Seivert, Shan. (2017) Legislative update for 4/09/2017. Retrieved on April 10, 2017 from https://content.govdelivery.com/accounts/IACIO/bulletins/1918a2d.

Math Props

Throughout the years I have collected many unique objects that I use to amp up the excitement and curiosity for the tasks that we do in my classroom. Students see these objects when they first walk into my room in August and wonder why I would have a giant gummy bear or five bags of Doritos. Seeing these objects on a daily basis keeps the anticipation levels high. Students are always curious as to when we will use these objects and for what purposes.

Here are just a few examples of the objects I have in my classroom along with the activities that go with each task. What

Super Bear

objects could you have in your room to help engage students further with the tasks you are presenting?

Super Bear (by Dan Meyer) http://mrmeyer.com/threeacts/superbear/

The videos are great, but having the actual bear makes this more real for the students. Many students have never seen a gummy bear this size, and to see this in real life engages students instantly.

Doritos Roulette (By Kyle Pearce) https://tapintoteenminds.com/3act-math/doritos-roulette-hot-or-not/

The students love this task because we actually eat the chips and collect data. The best question I ask with this task is if the front of the picture on the bag is accurate or not. If not, what should the picture look like?

Money Duck (By Dan Meyer) http://blog.mrmeyer.com/2014/3acts-money-duck/

With an assist from me… http://blog.mrmeyer.com/2014/the-money-animal-marketplace-was-the-most-fun-i-had-doing-math-this-summer/

The first five minutes we investigate this duck, students think they have found a get rich quick scheme. Once I share the numbers I found from the company (in the second link I shared), they become a little more realistic. So far we have only gotten ones in the ducks, which is expected, but I am waiting for the day we get the 50!

Expected Value Spinner (By Dan Meyer) http://blog.mrmeyer.com/2011/shoulda-woulda-coulda/

We set up this task by ending class for 20 straight days spinning this spinner once each day. Students select a space on the spinner that they must keep for all 20 spins. The object is to have the most points after 20 spins. You only get points if the spinner lands on the space you originally expected. There is so much discussion to be had here. A few things I have the students do are change the values in the spaces but not the size of the spaces to end up with an equal expected value for each space, and then keeping the original point values the same but changing the size of each space to have an equal expected value.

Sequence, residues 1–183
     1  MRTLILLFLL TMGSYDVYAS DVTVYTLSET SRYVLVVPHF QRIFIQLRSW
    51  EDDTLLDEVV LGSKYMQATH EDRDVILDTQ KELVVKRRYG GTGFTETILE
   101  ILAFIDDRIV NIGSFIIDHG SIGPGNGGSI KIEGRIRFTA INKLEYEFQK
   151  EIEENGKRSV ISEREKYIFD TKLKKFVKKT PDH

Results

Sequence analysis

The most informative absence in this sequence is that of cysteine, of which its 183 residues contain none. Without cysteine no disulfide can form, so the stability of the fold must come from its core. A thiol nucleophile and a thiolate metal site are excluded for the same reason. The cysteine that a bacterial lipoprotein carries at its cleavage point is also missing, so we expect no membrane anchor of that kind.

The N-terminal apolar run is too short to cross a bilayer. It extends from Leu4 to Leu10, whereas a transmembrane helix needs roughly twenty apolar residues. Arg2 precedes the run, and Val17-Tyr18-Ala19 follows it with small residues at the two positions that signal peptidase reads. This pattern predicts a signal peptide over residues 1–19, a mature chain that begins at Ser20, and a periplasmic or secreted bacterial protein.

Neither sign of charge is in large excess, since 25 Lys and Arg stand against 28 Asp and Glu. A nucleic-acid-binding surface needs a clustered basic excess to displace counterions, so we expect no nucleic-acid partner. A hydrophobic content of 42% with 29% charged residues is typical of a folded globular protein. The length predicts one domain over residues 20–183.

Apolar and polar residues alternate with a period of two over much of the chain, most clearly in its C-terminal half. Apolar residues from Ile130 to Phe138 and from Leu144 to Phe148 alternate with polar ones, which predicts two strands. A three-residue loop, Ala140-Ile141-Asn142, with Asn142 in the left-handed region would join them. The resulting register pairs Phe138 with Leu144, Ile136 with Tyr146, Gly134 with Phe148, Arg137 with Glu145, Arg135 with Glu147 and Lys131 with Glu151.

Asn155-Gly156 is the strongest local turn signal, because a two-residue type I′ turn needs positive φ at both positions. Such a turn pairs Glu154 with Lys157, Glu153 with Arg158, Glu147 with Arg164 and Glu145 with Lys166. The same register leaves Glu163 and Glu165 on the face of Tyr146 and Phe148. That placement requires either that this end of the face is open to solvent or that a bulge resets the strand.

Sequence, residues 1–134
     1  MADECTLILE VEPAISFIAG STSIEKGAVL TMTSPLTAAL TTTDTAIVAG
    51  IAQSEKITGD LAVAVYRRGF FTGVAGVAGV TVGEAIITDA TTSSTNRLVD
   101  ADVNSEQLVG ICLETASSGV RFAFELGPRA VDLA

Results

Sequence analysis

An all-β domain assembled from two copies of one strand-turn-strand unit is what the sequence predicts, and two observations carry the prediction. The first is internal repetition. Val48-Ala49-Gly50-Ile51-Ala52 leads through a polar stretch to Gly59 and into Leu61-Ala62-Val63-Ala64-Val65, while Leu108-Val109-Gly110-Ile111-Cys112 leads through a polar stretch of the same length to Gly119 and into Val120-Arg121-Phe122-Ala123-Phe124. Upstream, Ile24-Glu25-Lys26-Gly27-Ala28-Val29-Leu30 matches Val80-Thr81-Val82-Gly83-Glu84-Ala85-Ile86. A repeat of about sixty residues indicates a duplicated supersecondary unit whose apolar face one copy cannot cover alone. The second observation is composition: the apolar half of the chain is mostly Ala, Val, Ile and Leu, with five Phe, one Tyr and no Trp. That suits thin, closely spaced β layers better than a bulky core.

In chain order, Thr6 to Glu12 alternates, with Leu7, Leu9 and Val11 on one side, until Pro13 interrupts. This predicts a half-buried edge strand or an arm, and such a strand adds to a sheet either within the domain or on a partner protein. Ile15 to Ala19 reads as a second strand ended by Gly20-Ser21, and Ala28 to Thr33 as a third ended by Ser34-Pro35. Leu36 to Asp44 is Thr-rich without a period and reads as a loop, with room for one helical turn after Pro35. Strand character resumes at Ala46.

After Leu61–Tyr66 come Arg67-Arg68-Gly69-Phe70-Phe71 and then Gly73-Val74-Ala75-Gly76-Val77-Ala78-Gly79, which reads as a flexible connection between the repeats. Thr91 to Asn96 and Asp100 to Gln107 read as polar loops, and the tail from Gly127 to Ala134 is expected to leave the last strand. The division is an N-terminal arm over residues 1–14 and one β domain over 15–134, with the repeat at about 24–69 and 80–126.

Growth Lizard (By ???)

I don’t remember where I found this, but the idea of this task is to find a creative way to figure out if this lizard really grows 600% or even anywhere close to the claim on the box. A lot of it depends on how long you leave it in water, which could be another math task altogether. I emptied out one of my trash cans in my room and filled it with water. I let the lizard sit in the water for a week before we did this task. After a week, we did the task and as you would expect, it grew nowhere near 600%, but after I left it in for a month, it was enormous, and close to 600%. This task is great because the lizard itself isn’t a perfect 3D shape, so students do have to be a little creative with how they figure this out.


                                                — Dr. Clayton M. Edwards

Pre-Conference Again Offered

Again this year new and future teachers are invited to a special welcome session created just for them.  There is no charge for the ICTM Pre-Conference.  Dinner is included.  Participants will receive free teaching materials and ideas, meet with master teachers, and enjoy fun activities with fun people.  This year’s pre-conference will be Sunday, October 8, starting at 5:45pm at Valley High School, 3650 Woodland Ave., West Des Moines, IA50266.  Registration is not required but is appreciated.  You can register at www.iowamath.org.

From the Vice President: Post-Secondary

As you wind up the academic year, add some fun to your classes. Check out the Mathematical Association of America’s (MAA’s) Fun Math: http://www.maa.org/programs/students/fun-math.